March 23, 2011

Business gurus have long maintained that time = $$, but that doesn’t mean that playtime necessarily decreases the bottom line. Many corporations have discovered that their employees tend to be more productive when they have time to give their brains a break, and gameplay is the perfect escape. So it’s not surprising that some cyber criminals have taken this lesson to heart, and are crafting crime machines to include games that allow their evildoing customers to steal money and set their hi-scores at the same time.

I had a laugh when I stumbled upon the administrative panel shown in the video below. It’s a back-end Web database designed to interact with a collection of Windows PCs infected by the ZeuS Trojan. This panel receives financial data stolen from victim machines, including PayPal and Bank of America account credentials. This video shows the Bank of America tab of the tool, which also allows the criminal to inject specific “challenge/response” questions into BofA’s Web page as displayed in the victim’s browser, as a way to steal the answers to these questions should the criminal later be asked for them when later logging in to victim accounts.

Directly to the right of an option to export all stolen credentials to an easy-to-read .csv file is a button labeled “Pacman”. Clicking launches a playable, exact replica of the 1980s arcade game (enlarge the video by clicking the icon in the bottom right corner of the video panel):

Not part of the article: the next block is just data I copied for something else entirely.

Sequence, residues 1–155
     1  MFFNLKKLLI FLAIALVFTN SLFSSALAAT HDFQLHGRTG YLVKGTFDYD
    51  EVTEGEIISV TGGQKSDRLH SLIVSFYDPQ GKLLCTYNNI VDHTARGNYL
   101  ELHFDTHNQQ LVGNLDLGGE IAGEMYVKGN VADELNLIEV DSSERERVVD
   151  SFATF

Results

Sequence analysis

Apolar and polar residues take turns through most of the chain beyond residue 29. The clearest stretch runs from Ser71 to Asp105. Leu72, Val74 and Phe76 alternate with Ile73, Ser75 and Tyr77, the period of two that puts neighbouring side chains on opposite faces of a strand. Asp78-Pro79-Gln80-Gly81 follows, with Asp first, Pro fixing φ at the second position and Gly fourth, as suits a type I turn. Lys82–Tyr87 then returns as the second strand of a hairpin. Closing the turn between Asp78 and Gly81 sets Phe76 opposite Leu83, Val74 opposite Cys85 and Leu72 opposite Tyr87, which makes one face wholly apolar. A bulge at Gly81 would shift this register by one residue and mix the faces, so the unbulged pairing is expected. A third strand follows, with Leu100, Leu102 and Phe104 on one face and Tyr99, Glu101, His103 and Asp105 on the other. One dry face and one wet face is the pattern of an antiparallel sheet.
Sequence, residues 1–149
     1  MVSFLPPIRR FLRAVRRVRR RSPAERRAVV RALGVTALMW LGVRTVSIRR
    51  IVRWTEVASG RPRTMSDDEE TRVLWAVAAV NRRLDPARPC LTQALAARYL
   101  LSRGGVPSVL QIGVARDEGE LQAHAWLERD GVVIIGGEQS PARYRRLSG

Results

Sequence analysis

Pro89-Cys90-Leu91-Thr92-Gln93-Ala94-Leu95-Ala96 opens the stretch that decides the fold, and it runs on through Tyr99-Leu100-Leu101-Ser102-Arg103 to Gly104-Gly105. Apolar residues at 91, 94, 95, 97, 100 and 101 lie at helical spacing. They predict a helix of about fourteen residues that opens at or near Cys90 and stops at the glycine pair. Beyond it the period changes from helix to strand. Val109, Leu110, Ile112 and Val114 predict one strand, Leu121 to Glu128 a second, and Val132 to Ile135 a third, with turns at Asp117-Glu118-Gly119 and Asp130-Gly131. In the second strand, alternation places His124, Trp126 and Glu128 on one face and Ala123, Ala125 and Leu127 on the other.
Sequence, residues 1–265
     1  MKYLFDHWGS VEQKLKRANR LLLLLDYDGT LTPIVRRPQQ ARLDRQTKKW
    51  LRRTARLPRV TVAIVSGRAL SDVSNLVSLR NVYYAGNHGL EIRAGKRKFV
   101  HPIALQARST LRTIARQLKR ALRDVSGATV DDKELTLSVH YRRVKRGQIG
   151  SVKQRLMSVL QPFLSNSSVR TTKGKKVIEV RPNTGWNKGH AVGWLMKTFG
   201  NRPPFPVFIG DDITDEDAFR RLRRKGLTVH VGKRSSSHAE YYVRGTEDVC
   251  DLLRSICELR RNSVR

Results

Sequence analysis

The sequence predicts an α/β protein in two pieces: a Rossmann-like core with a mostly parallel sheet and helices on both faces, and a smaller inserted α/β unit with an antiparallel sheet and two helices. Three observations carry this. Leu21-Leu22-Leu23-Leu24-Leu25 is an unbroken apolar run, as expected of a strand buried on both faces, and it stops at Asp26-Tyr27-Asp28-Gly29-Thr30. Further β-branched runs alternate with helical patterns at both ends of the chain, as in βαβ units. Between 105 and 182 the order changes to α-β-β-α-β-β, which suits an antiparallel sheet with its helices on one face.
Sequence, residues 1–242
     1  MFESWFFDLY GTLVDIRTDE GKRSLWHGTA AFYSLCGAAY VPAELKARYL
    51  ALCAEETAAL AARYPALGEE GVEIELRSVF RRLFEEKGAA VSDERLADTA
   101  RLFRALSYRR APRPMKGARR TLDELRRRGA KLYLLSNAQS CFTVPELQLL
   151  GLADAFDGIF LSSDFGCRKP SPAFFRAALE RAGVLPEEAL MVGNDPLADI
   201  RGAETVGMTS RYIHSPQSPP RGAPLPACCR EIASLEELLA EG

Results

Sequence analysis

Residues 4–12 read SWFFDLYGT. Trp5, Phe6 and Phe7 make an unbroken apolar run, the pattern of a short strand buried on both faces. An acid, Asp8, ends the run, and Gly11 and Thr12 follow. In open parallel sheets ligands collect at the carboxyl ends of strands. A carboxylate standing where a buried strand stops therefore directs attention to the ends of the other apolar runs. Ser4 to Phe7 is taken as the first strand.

I can’t help but wonder whether we will witness some perverse kind of Moore’s law with future criminal Web administration panels. I can just see it now: In 18 months, crooks writing these panels will be bundling Halo 3 and Counter-Strike with their creations!

On a more serious note, the tab labeled “Arcot” is interesting: Arcot Systems is the company whose software powers the authentication system used by MasterCard’s SecureCode and Visa’s Verified by Visa programs. What’s interesting is that the thieves could defeat these security systems by gathering personal data on victim card holders, which they appear to have done here. This panel, like others used in tandem with ZeuS (for example, Jabberzeus) also is set up to alert the botmaster via Jabber instant message when a new set of credentials is stolen.


15 thoughts on “Big Scores and Hi-Scores

  1. David

    If their criminal skills are on par with their Pac-Man chops, we have nothing to worry about… or was that you that dropped a quarter into the machine Brian?

  2. JCitizen

    Will wonders never cease? Thanks for this unexpected peak into another world, Brian!

  3. Russ

    You’ve really filled a niche Brian. Nobody else that I’ve found talks about this kind of stuff. The admin interface screenshots and ATM skimmer stuff is all interesting information. Good use of the podium sir.

  4. george

    I hope Matt Groening or whoever owns the rights to Bender’s image will sue the guy or gal who coded this admin panel for using the image without paying royalties and inflict some monetary damage on them :).

    1. AlphaCentauri

      If the guy whose mind created Bart Simpson decided to take down ZeuS, I’d be in the cheering section for sure. Too bad it probably wouldn’t involve prank phone calls. That would be very fitting in the case of ZeuS, after they SWATted Roman Hussy.

  5. helly

    As a security measure, I suggest we release Angry Birds for Zeus. That game is so much of a time suck the bad guys would be stuck playing all the time, with no time to actually commit fraud.

  6. Nick P